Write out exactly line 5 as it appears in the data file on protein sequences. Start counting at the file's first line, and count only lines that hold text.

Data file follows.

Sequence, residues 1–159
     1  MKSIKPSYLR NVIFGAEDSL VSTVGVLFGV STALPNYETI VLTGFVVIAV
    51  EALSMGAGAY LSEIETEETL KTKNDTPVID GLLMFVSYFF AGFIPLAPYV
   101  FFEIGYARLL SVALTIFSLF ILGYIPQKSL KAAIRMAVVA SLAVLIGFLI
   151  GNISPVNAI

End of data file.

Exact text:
   151  GNISPVNAI